Ada County will make significant changes to the public health order in coordination with Central District Health, the agencies announced today. The decision came in a news conference in grave terms about the outbreak’s spread in the county.
“Our cases had remained relatively low through the beginning of June, but as of Monday June 15th, we saw a significant upward trend,” Central District Health’s Russ Duke said. “A decision was made to move Ada County into Stage Three by way of a public health order.”
Duke said due to the cluster of cases, bars must close as of the date of the order. This varies from the rest of the stage three guidelines. The order will go into effect at 12:01am this Wednesday – and remain in effect “until we see a consistent decline in cases,” Duke said.
The change will put the state’s largest population center at a more restrictive set of regulations in the wake of the COVID-19 pandemic. Here’s what the changes will mean:
- Nightclubs, which were allowed to reopen in stage four, now must close.
- Large venues must again close.
- Gatherings for more than 50 people would not be allowed. The limit was unlimited with proper distancing (but 250 people in Boise).
- Employers are again encouraged to allow telework, where possible.
- Anyone entering the area from out-of-state would be encouraged to self-quarantine for 14 days.
- Visits to senior care facilities would again be limited.
Restaurants will remain open for dine-in service, but bar top areas must close according to Duke. Drinks could be served to patrons via wait staff.
In recent days, the number of cases of COVID-19 continued to increase. However, the last death in the Boise metro area was on May 19th, and most hospital resources remain well within the guidelines set by the State of Idaho. Here’s our story based on data as of Friday morning.
‘A major outbreak’
“In the last several weeks, we’ve seen the cases in Ada County explode from 25 cases two weeks ago to 57 cases the week before last, and 303 in this last week,” Dr. Ted Epperly of the CDHD board said. “That’s a 500% increase in Ada County. That’s the highest number we’ve seen since the inception of the COVID-19 pandemic.”
Eperly said this is more than just a bar issue, but an issue of “active community spread.”
“This is a serious health issue we are facing in Ada County and in our region,” he said. “We are going to do what is necessary to keep people as safe as possible. We need to put our emergency rooms and hospitals on alert. The data is saying we are behind the eight ball, and that’s why the board of health is taking the actions that we are.”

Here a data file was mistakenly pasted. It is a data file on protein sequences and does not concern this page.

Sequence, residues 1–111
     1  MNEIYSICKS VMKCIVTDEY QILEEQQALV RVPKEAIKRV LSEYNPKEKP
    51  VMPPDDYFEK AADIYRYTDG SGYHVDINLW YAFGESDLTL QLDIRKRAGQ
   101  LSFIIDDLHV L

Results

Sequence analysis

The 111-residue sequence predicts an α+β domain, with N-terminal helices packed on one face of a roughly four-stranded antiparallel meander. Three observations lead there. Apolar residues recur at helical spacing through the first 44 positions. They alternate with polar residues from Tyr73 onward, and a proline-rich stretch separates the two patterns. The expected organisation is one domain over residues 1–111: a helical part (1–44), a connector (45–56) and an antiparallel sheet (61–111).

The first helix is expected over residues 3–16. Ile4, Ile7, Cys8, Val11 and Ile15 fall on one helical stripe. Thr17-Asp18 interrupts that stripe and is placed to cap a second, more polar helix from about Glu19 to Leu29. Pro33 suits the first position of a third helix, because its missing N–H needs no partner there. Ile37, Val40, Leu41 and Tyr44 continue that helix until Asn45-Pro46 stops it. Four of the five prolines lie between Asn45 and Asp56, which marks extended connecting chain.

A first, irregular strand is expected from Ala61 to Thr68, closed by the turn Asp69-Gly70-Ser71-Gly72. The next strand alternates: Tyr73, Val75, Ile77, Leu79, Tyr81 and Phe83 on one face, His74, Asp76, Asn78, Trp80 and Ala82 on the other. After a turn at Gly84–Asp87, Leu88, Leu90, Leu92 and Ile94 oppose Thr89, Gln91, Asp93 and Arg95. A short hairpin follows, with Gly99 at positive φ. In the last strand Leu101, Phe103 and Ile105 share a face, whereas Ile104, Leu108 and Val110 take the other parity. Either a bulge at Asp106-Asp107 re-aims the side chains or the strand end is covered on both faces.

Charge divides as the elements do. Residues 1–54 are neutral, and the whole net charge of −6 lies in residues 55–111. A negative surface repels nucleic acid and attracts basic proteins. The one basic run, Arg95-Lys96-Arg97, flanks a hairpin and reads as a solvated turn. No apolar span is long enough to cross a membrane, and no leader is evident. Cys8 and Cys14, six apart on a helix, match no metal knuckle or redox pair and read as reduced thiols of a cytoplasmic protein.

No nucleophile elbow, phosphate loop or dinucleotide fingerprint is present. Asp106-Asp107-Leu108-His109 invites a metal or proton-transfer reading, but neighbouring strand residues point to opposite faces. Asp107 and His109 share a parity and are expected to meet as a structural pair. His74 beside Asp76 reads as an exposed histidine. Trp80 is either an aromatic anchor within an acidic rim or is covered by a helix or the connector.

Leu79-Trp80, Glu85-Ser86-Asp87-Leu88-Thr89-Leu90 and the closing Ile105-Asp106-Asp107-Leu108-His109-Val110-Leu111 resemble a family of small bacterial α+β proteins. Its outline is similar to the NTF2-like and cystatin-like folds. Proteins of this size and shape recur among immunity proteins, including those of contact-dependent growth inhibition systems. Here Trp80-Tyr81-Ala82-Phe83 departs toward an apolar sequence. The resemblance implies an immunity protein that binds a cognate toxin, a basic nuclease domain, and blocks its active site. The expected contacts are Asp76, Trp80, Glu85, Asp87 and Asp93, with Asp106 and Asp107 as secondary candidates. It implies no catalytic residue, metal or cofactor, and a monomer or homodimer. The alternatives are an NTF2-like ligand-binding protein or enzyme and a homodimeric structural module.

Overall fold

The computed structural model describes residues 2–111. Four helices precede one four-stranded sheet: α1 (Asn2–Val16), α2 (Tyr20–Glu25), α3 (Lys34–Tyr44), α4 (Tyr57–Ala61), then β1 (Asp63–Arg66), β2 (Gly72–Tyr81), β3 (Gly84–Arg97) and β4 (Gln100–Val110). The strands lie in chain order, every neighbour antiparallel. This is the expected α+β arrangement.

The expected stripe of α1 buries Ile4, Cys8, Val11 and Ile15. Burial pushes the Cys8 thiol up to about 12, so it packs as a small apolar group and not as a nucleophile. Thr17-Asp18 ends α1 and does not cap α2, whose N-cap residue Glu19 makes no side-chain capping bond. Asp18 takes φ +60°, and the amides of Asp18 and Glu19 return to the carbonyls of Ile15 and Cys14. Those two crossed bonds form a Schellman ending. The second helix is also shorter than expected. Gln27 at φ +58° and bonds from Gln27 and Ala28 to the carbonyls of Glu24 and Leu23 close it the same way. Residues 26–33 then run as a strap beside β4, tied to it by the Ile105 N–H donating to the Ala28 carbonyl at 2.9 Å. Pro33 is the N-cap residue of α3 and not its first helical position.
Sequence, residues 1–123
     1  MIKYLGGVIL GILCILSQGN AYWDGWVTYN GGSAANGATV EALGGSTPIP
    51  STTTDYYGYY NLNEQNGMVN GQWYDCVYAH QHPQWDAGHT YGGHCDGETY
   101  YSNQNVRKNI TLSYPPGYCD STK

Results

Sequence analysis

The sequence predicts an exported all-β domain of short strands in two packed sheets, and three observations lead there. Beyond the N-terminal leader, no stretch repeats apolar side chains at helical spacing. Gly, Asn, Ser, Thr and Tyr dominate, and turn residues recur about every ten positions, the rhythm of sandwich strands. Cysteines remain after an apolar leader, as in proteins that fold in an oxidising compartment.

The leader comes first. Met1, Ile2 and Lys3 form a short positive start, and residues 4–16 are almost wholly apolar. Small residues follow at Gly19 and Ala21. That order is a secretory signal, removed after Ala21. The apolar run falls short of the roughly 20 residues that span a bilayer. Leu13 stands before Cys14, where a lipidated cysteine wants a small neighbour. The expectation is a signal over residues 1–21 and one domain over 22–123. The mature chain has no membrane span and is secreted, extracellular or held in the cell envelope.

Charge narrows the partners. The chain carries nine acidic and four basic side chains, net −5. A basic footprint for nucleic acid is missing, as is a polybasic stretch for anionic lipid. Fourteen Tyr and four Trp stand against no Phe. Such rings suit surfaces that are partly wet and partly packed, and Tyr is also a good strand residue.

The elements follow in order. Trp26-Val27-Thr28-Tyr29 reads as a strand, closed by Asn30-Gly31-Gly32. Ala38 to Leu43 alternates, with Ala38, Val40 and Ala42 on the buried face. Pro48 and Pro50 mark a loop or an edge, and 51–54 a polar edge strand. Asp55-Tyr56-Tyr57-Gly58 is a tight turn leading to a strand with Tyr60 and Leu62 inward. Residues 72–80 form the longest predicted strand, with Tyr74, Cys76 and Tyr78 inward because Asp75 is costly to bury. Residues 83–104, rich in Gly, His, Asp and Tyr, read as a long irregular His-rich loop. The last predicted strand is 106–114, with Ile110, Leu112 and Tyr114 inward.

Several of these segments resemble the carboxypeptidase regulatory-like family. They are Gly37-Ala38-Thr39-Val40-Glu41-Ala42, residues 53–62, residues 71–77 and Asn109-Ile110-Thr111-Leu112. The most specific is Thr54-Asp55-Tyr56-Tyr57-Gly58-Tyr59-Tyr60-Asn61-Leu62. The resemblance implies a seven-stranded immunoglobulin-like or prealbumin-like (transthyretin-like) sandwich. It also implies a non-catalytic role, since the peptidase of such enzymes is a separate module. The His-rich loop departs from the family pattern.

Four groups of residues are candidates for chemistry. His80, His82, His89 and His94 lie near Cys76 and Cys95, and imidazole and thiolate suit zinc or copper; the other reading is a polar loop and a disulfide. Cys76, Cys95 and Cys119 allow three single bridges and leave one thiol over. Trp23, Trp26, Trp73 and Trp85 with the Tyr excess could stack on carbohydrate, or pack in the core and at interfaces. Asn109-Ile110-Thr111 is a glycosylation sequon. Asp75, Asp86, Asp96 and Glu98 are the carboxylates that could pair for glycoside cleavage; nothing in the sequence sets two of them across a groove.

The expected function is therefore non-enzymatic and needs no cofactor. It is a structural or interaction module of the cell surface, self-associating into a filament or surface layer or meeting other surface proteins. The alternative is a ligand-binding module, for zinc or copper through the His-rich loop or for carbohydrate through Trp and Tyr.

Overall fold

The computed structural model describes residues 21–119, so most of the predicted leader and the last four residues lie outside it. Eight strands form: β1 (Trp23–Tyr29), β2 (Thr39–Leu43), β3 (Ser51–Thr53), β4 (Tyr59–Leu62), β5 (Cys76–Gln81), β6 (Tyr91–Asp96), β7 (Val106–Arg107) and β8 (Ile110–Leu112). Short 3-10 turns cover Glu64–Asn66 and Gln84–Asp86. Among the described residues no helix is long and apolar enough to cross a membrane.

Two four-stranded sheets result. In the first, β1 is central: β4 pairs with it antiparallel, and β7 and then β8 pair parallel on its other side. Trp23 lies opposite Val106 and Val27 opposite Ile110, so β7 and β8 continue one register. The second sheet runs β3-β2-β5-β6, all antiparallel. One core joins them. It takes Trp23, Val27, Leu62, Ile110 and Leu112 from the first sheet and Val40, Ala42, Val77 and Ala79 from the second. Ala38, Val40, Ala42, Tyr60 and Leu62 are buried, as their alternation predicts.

Duke said right now, hospitals are “OK” in terms of capacity, but “that can change very quickly.”
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Several outbreaks are tied to bars in Downtown Boise, and to a lesser extent Meridian. A number of restaurants across the area voluntarily closed in the wake of outbreaks among staff members.
Many of the recent cases have been centered in younger people, according to the Idaho Department of Health and Welfare.
Duke said the district could consider requiring face coverings in public if the situation continues to worsen.
They said they will look for a multi-day steady decrease of cases before evaluating a move back to stage four.
What about Canyon County?
“Our communities are tied together by more than just a city line,” Ada Co. Commissioner Diana Lachiondo said. “I’ve been able to communicate with all the mayors in Ada County to share with them the health data and what the repercussions would be moving forward. We recognize this is hard. We recognize people are feeling COVID-19 fatigue. We need people to adhere to what CDH is setting out.”
“Ada and Canyon county has pretty much grown together,” Duke said. “Immediately after the board meeting, I let my colleague with SW District Health and she was going to communicate that to her board members as well as elected officials. I’m not sure what steps they may be taking. They were not seeing the intense clusters going on.”
Early in the pandemic, the City of Boise said it hoped to adopt an approach likened to a “faucet,” where resources would open up and officials would monitor the impacts and adjust. However, across the state, each of the four phases was achieved on the schedule initially set out by the governor’s office, with few to no increases in key statistics.
Bar owners ‘blindsided’
“This is a direct attack on the bars,” Jason Kovac with Silly Birch, Whiskey Bar and Tom Grainey’s said in a statement. “We followed all the protocols and guidance CDH set. We asked patrons to wear masks, some required them, we had hand sanitizer and our bars were so empty that all social distancing requirements were exceeded. Now, without any warning, we’re being told we have to shut down again. We have been blindsided.”
Duke said he understands how hard this is for business owners and employees.
“I completely understand how difficult this is for the bar owners as well as their employees,” Duke said. “Our responsibility is public health but we are not lost on the broader impact. We wish things could be different, no question about it. I know there are resources available through the state, and I would encourage those business owners and employees to seek assistance through those resources.”
Ada Co. Sheriff Steve Bartlett said they will work with Central District Health and work to provide a message to impacted businesses and people.
“We are very happy with the response so far,” Bartlett said. “We will work very closely with the state (Alcohol Beverage Control) group if we did not have someone cooperating with this order. I’m very hopeful we will get compliance.”
A spokesperson for Gov. Little’s office said individual areas can step back in the staged reopening if needed and at the discretion of those areas.